I best be nice to Neil Lewis and Property Secrets, because I got a free dinner out of them at their investor evening.  Now, in the noble tradition of UK journalism, I am pleased to reassure that I am completely above undue influence.  I do, however, think that Property Secrets is the best investment company in the World, based on the quality of their desserts – although an inexplicable dearth of cutlery made them impossible to eat tidily.  I might not agree with all of their analysis, but they certainly make a good case.  Their conjecture is that the markets they look to invest their clients money in are based on low-cost economies.  Even in tough times, the heavy manufacturing money is going to keep flowing into Eastern Europe, as the furniture and tractor makers need to cut their costs and keep heading out east.  I think they’ve got a good point, and one that I hadn’t considered.  Technically, their argument is that a recession in the US or UK won’t get exported to the CEE economies, as their low-cost advantages will make them appealing destinations for cost-conscious heavy industry in hard times.  These manufacturers need to cut costs harder in recessions, as they’re operating in a more price-competitive environment and their overheads are forced down by falling sales.  Property Secrets’ conjecture is that this effect is going to be enough to float the property market.  Personally, I just don’t buy it.  I think that effect is significant, but it’s not going to keep the property market afloat if the world economy is drinking white lightening cider out of a carrier bag on skid row.  By all means, chase the low cost, high-growth economies if you want to see some smart growth on your money.  But don’t think for a second that the hurricane sweeping through the financial markets is going to leave your posh new flat with a luxury kitchen unscathed as it sits pretty on the top of the market.  If your yield isn’t enough to make the investment wash its face, will an aspirational local yuppie have the cash to not only pay for your pad, but give you a fat wodge of profit at the same time?  Will a UK investor be willing to play for the long haul when he can’t draw down equity on his house because real interest rates are sky high and the bank’s taken away his easy remortgage credit line in a huff?  I don’t think so….  Ladies and gentlemen, I dearly hope I’m wrong.  But those who prepare for crashes that don’t come are generally happier people than those who fail to prepare for crashes that do come.  On second thoughts though, the sushi was wicked, so European flats will probably be OK this year.  Seriously, I’m not trying to dis the CEE or Property Secrets.  Their reports are good quality and their investment philosophy is at least justifiable.  I’d just recommend that investors heading for CEE go for the brown corduroy trousers properties that make acceptable yields and aren’t based on super-dooper fandaby-dozy growth in possibly shaky markets. Either way, for the most part I reckon they’re probably a lot safer than investors who stay in the UK over the next year or so, particularly if the UK chaps try to by the same new-build flats over here that are all the rage in central and eastern Europe.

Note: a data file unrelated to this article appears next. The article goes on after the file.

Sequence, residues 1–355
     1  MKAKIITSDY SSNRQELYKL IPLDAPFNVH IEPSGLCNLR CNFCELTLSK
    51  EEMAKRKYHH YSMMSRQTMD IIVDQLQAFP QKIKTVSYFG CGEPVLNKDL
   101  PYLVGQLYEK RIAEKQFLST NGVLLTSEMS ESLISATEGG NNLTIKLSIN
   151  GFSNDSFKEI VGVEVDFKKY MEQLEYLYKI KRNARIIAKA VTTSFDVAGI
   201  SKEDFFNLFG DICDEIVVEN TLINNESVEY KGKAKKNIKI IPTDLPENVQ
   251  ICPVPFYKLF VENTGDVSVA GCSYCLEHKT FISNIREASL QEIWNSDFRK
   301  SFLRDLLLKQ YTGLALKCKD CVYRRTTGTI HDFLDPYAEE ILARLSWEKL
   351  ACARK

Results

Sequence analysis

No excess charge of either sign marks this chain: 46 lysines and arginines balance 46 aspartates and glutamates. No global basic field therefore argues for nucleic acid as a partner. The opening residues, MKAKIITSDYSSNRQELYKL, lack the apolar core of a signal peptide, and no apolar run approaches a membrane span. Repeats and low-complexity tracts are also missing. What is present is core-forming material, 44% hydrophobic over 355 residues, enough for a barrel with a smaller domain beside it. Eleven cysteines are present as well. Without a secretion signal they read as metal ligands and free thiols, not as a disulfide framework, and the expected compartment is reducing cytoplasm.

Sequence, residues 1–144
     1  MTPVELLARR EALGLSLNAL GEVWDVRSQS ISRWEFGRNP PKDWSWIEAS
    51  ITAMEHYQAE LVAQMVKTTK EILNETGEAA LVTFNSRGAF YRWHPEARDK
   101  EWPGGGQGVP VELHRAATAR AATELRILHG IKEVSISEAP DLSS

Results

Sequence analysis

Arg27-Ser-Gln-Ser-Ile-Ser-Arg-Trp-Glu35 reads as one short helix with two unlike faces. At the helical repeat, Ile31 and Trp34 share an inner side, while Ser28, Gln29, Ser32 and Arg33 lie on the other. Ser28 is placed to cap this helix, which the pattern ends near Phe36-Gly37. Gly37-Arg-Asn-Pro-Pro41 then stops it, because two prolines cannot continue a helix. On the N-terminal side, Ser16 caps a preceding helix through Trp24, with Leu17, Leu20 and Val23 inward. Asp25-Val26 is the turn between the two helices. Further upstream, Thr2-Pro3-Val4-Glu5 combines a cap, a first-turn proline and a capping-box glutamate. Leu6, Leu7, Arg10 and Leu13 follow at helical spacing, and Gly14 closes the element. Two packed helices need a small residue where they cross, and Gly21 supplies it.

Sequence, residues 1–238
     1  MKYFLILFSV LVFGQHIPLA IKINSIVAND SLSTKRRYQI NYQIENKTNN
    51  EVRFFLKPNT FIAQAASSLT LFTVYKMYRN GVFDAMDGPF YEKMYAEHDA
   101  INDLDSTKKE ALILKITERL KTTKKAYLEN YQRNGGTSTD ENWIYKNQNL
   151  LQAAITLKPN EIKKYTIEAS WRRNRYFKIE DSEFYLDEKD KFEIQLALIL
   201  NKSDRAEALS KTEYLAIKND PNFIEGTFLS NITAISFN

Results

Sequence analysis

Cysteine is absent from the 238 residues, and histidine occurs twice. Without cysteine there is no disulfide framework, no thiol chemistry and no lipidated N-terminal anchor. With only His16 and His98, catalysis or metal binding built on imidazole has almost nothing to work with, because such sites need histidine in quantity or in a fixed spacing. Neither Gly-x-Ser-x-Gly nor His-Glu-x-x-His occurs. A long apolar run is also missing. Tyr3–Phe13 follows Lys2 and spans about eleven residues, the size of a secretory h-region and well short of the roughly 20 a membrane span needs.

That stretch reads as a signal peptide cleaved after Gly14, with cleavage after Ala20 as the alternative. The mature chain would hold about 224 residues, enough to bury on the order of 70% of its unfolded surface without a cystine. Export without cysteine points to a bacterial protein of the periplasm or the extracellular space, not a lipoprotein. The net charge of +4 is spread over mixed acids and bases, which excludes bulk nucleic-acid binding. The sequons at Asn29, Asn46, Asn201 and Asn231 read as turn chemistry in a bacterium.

The show was especially interesting for me, because I got my first official speaking slot.  I’ve been strong armed into doing this by the organisers, who were keen to have some ‘real’ property investors speaking in the seminar programme.  True to type, I decided to take the mick, with a talk entitled ‘How to lose a million pounds in property investment.’  For those familiar with my monthly column here, it was lots more of the same – mildly humorous personal anecdote designed to sweeten a fairly stiff dose of property medicine on the way down.  I’m in the fortunate position of not having to convince everyone that I’m infallible, and thus I’m one of the few people in the property industry who can actually admit to being human.  My paperwork is only saved from total collapse by my long-suffering staff, I’ve bought plenty of places I’ve bitterly regretted over the years and I’ve taken a proper kicking from a combination of rising interest rates, a falling UK market and the credit crunch.  I don’t think I’m the only one, but I’m one of the only ones who’ll stand up and say it.  I’m sure I’ve perceived a significant drop in footfall at the show this year, so I recon a lot of the hangers on have left the industry, and I know from the gossip that I’m not the only one who’s felt the pinch this year.  If you want the slides from my talk, which was based around an article I wrote for this magazine with a similar title, drop me an email and I’ll fling them to you FOC – just cos I’m a nice chap.  I received an email from someone after the show saying that it was the best talk he’d been to all weekend.  I only hope that he’d been to at least one other talk!

You can tell from the type of stall at the show how the market is evolving in response to the troubled times in the UK property industry and beyond.  The show was virtually devoid of UK housebuilders showing their latest wares.  The buy-anything-and-everything crowd really has left this industry for the foreseeable future.  Gone also are the fool’s gold sellers from many of the ‘hot spot’ areas that have, rather predictably, turned into ‘not spots’.  Gone also are some of the big name stands that formerly graced the entrance area – or blocked it, depending on your point of view.  And, I’m also told, one very famous name in property training is soon to be gone out of the industry for good.  Hurrah!  Good riddance to bad rubbish.  You all know who I’m talking about, and you’re quite right:  I don’t dare say it!

These times, they are a’changin…..  will the new wind propel you to your investment destination, or smash your ship onto the rocks?